Operations on Submodules

Let \(M\) be a module. Let \(X\) be a subset of \(M\). Then define \(\langle X \rangle\) to be the submodule of \(M\) generated by \(X\), that is, the intersection of all submodules of \(M\) containing \(X\). (Note that the intersection of modules is itself a module.)

Let \(\{ M_i | i \in I\}\) be a family of submodules of \(M\) (for some indexing set \(I\)). Define their sum as for ideals: \(\sum M_i\) consists of all finite sums \(\sum x_i\) where \(x_i \in M_i\) and almost all \(x_i\) are zero. Note \(\sum M_i = \langle union M_i \rangle\).

Thus the submodules of \(M\) form a complete lattice with respect to inclusion (the glb is interesction and lub is the sum).

Isomorphism Theorems

1. If \(L \supset M \supset N\) are \(R\)-modules then

\[ (L/N)/(L/M) \cong L/M \]

2. If \(M_1, M_2\) are submodules of an \(R\)-module \(M\) then

\[ (M_1 + M_2)/M_1 \cong M_2 / M_1 \cap M_2 \]


  1. The map \(\theta:L/N \rightarrow L/M\) given by \(x+N \mapsto x+M\) is a surjective \(R\)-module homomoprhism with kernel \(M/N\), thus the result follows by the fundamental homomoprhism theorem.

  2. Apply the same reasoning to the map \(\theta:M_2 \rightarrow (M_1 + M_2)/M_1\) given by \(x \rightarrow x + M_1\).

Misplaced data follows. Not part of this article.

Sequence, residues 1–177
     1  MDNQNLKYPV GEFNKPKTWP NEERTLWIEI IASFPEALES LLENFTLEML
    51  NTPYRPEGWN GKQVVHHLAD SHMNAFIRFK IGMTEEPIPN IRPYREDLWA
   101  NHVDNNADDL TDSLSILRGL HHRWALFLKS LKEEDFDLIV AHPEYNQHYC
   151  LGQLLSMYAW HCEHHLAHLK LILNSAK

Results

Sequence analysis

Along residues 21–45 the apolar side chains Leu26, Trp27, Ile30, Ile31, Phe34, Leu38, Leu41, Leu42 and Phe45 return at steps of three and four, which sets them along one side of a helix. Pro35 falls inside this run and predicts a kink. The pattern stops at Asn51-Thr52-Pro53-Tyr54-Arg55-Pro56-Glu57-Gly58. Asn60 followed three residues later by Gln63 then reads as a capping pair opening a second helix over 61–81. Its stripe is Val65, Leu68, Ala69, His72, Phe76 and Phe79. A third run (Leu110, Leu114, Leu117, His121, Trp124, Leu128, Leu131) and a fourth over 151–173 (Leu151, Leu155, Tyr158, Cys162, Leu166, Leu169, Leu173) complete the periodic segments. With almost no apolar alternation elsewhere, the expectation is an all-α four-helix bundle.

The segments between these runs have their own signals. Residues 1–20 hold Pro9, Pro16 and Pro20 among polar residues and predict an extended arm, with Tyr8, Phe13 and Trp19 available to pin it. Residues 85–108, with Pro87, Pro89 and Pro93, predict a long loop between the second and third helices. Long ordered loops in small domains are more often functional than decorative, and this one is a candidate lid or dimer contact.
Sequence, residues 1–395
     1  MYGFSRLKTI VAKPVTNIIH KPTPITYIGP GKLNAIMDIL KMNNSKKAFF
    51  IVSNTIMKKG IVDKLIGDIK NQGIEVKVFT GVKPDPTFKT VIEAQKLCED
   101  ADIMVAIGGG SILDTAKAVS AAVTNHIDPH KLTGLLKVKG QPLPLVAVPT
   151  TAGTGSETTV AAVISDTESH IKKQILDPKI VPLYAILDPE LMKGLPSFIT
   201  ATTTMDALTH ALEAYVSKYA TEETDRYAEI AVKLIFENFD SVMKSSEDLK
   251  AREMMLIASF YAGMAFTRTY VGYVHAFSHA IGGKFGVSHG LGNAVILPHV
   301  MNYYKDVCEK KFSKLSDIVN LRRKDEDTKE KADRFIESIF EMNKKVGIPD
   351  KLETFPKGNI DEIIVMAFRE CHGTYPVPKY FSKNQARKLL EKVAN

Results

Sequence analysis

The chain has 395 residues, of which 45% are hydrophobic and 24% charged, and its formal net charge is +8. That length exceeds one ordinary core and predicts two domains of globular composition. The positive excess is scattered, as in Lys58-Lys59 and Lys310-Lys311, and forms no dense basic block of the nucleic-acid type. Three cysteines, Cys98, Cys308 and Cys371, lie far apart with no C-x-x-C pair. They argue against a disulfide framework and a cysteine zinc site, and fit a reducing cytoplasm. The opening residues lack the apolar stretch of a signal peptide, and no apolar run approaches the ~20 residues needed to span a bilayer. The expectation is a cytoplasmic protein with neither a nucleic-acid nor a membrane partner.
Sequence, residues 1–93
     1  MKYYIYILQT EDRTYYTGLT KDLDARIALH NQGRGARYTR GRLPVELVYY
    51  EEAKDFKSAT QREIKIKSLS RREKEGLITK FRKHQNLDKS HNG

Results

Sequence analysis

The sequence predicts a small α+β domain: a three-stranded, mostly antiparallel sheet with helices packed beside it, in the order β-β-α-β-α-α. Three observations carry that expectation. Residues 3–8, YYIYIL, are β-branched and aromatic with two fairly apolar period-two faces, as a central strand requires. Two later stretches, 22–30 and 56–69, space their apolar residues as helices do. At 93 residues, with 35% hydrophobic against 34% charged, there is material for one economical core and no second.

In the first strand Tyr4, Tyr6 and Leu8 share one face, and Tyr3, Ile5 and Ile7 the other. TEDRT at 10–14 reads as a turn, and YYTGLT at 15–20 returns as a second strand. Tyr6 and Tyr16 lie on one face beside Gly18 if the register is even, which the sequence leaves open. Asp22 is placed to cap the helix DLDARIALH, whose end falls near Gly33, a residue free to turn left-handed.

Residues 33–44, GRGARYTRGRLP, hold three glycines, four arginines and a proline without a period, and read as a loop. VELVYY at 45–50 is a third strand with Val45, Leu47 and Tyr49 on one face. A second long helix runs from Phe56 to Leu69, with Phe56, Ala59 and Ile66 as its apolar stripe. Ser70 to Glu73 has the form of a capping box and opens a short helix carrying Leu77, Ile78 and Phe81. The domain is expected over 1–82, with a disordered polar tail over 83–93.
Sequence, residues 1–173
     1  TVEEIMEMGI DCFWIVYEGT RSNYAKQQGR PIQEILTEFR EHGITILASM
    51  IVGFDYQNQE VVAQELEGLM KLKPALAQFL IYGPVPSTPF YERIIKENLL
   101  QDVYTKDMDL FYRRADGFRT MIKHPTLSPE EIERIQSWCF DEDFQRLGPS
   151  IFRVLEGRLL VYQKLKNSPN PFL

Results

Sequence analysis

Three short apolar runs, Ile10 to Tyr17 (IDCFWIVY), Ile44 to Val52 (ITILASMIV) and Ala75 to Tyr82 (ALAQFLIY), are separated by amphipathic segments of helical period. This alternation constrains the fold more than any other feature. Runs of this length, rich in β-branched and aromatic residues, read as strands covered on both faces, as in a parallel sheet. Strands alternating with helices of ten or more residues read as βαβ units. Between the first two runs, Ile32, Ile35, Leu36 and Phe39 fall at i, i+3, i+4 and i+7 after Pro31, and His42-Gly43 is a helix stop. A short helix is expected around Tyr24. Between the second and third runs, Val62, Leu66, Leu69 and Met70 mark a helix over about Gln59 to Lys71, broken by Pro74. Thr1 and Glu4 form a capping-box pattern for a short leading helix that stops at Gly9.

Let \(I\) be an ideal of \(R\). Then define the product \(I M\) to be the set of all finite sums \(\sum a_i x_i\) where \(a_i \in I, x_i \in M\). It is a submodule of \(M\).

Let \(N, P\) be submodules of \(M\). Define

\[ (N:P) = \{a \in R | a P \subset N\} \]

(similar to ideal quotients). It is an ideal of \(R\). Define the annihilator of \(M\) by

\[ \mathrm{Ann}(M) = (0 : M) \]

If \(I\) is an ideal of \(R\) contained in \(\mathrm{Ann}(M)\) then \(M\) can be viewed as an \(R/I\)-module by defining \((x+I) m = x m\) for all \(x \in R, m \in M\). This map is well-defined since \(I M = 0\).

An \(R\)-module is faithful if \(\mathrm{Ann}(M) = 0\). Note \(M\) is faithful as an \(R/\mathrm{Ann}(M)\)-module.

The following can be easily verified:

  1. \( \mathrm{Ann}(M+N) = \mathrm{Ann}(M) \cap \mathrm{Ann}(N) \)

  2. \( (N:P) = \mathrm{Ann}((N+P)/N) \)

Let \(x \in M\). Then define \(R x\) to be \(\langle x \rangle\), that is the set of all \(a x\) where \(a \in R\). A set \(X \subset M\) is a set of generators of \(M\) if \(M = \langle X \rangle\) (so every element of \(M\) can be written as a linear combination of elements of \(X\)). If \(M\) has a finite set of generators then \(M\) is said to be finitely-generated.

Ben Lynn blynn@cs.stanford.edu 💡